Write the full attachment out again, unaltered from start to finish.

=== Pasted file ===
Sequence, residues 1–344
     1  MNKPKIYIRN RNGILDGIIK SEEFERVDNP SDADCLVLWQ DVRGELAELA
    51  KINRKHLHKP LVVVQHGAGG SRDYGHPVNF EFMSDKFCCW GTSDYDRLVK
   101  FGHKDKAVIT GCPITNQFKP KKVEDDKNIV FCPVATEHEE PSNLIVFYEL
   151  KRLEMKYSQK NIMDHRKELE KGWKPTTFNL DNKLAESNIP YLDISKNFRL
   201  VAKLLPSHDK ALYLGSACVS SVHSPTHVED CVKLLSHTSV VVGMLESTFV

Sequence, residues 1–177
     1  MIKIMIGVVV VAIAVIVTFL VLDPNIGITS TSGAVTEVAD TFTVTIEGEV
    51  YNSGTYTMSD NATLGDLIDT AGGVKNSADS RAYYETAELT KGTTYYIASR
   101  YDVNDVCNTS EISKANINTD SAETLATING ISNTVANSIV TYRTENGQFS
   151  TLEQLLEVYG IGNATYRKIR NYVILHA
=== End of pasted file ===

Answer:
Sequence, residues 1–344
     1  MNKPKIYIRN RNGILDGIIK SEEFERVDNP SDADCLVLWQ DVRGELAELA
    51  KINRKHLHKP LVVVQHGAGG SRDYGHPVNF EFMSDKFCCW GTSDYDRLVK
   101  FGHKDKAVIT GCPITNQFKP KKVEDDKNIV FCPVATEHEE PSNLIVFYEL
   151  KRLEMKYSQK NIMDHRKELE KGWKPTTFNL DNKLAESNIP YLDISKNFRL
   201  VAKLLPSHDK ALYLGSACVS SVHSPTHVED CVKLLSHTSV VVGMLESTFV

Sequence, residues 1–177
     1  MIKIMIGVVV VAIAVIVTFL VLDPNIGITS TSGAVTEVAD TFTVTIEGEV
    51  YNSGTYTMSD NATLGDLIDT AGGVKNSADS RAYYETAELT KGTTYYIASR
   101  YDVNDVCNTS EISKANINTD SAETLATING ISNTVANSIV TYRTENGQFS
   151  TLEQLLEVYG IGNATYRKIR NYVILHA